Move over, CBD. Forget terpenes. It looks like the next big thing in the rapidly evolving, ever-expanding world of cannabis is going to be flavonoids.
Why’s that? Because, despite the fact that studies are only just getting off the ground, “cannflavin” (cannabis flavonoids) research is already raising hopes that we might one day have a whole new way to treat pain.
“Flavonoids” are chemicals found in all plant life (not just cannabis), that are responsible for the pigment in fruits and vegetables. That’s not all flavonoids do, though, and other functions have been of interest to researchers for some time, since many have been shown to have antioxidant properties. It’s the main reason people say we should “eat by colour” and, quite frequently, when some unsuspecting plant gets pegged as a “superfood,” it has something to do with its flavonoids.
Flavonoids 30x More Powerful Than Aspirin
And cannabis might be next, thanks to Cannflavin A and Cannflavin B, two of the plant’s flavonoids that have especially powerful anti-inflammatory properties. Like, 30 times more powerful than aspirin.
This news isn’t actually new. The potentially magical pain-relieving powers of cannflavins were first discovered by Marilyn Barrett, a researcher from the School of Pharmacy, University of London, back in the 1980s. So why haven’t we heard more about cannabis edibles as a new superfood? Because cannflavins make up a minuscule amount of the plant’s matter and you’d have to consume Cheech and/or Chong levels for it to work as an effective anti-inflammatory.
“This is very typical of many natural products that have therapeutic value,” says Tariq Akhtar, assistant professor at the University of Guelph’s department of molecular and cellular biology. “And you can’t just grow fields and fields of the plant and expect to get enough of the bioactive compound out of them, because they’re in such low amounts and, since they’re complex chemicals, they’re hard to get at. Extracting and purifying them is possible, but it’s not economically viable.”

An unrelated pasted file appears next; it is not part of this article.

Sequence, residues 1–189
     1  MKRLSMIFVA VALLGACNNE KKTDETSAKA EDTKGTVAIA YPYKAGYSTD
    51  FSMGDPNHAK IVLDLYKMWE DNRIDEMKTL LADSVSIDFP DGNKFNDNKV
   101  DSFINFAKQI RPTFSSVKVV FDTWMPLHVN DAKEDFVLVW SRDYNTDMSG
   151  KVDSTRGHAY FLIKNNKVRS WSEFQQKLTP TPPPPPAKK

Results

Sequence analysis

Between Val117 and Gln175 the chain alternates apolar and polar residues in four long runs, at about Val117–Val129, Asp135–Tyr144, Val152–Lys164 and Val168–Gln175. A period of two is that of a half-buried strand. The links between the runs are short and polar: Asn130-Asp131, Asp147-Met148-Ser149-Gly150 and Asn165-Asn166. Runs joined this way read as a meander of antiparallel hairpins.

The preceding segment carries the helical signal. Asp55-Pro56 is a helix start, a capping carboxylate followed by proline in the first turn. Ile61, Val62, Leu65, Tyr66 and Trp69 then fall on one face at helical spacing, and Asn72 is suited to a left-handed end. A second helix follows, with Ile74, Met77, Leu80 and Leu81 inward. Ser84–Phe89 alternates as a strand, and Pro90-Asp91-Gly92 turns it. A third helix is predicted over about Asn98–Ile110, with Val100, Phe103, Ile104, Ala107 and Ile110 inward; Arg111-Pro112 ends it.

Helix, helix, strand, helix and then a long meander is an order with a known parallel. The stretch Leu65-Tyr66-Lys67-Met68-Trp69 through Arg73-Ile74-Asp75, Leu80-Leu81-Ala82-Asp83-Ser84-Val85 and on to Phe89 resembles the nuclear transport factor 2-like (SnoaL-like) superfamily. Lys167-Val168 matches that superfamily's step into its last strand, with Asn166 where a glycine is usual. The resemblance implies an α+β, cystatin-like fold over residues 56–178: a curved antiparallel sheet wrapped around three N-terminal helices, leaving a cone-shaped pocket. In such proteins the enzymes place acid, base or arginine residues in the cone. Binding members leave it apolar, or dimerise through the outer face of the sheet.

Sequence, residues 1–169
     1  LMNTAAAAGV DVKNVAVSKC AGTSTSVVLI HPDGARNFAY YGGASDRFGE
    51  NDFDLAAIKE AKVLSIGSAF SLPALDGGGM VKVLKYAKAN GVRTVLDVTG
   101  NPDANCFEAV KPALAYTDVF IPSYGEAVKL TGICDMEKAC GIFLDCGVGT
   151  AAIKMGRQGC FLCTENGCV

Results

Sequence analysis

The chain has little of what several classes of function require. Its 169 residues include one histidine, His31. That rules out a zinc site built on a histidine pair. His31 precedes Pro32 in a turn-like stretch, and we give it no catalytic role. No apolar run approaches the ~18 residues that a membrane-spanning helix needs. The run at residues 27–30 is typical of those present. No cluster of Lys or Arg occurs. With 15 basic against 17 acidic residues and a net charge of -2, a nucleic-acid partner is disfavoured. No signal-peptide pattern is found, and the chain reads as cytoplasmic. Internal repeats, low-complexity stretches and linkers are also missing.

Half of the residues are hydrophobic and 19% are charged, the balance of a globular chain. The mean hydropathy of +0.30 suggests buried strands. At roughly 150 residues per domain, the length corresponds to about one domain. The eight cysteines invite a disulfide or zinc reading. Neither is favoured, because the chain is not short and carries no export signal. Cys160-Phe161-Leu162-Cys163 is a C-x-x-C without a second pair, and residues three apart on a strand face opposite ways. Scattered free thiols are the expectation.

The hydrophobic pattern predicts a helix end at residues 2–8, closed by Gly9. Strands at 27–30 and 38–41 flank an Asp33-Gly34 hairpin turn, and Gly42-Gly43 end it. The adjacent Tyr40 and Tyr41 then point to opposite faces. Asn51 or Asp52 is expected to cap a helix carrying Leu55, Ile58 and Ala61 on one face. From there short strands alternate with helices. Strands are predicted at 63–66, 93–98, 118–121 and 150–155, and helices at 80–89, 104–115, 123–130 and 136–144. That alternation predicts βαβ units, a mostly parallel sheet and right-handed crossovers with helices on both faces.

Cannflavins, Akhtar says, present in something like .014 per cent of the fresh weight of the plant. So it’s a little like that whole red-wine-is-good-for-you thing that was floating around a while ago — an idea based on the suggestion that a specific phenol in grape skins had miraculous anti-aging properties. Unfortunately, even if it is good for us (it’s never been confirmed), we’d need to consume something like 40 litres a day to reach therapeutic levels.
Cannabis Molecules Stop Inflammation At the Source
“What’s interesting about the molecules in cannabis is that they actually stop inflammation at the source,” Akhtar says. “And most natural products don’t have the toxicity that’s associated with over-the-counter pain relief drugs, which, even though they’re very effective, do come with health risks. So, looking at natural products as an alternative is a very attractive model.”
Heavy use of non-steroidal anti-inflammatory drugs (NSAIDs) and other over-the-counter pain medications are associated with higher risks of kidney disease (ibuprofen) and stomach problems (acetylsalicylic acid). Even analgesics, such as acetaminophen, if used heavily and in combination with alcohol, could lead to liver problems. Given all of this (in combination with the trail of devastation the drug companies have left with their aggressive marketing of opioids), one might ask why nobody has jumped on Marilyn Barrett’s original cannflavin discovery back in the 1980s.
Legal Status Hindering Cannabis Research
The answer? Well, the development of in silico computer technology helped, but the biggest reason for the delay is that cannabis research was stalled — globally — because of the plant’s legal status. It’s not just about the logistics of getting a university to agree to allowing marijuana plants in campus labs, it’s also about finding the funding to explore an illegal substance. That changed (in Canada, at least) with the Cannabis Act of 2017.
“We wouldn’t have been able to do this if it wasn’t for the climate right now in this country really pushing people like us to do this research,” says Akhtar. “There’s a lot more research that has to happen and I think working in Canada right now, at a time when our government has been really supportive of this agenda and there’s a lot of industrial and financial support available to actually research this plant, makes for really exciting times.”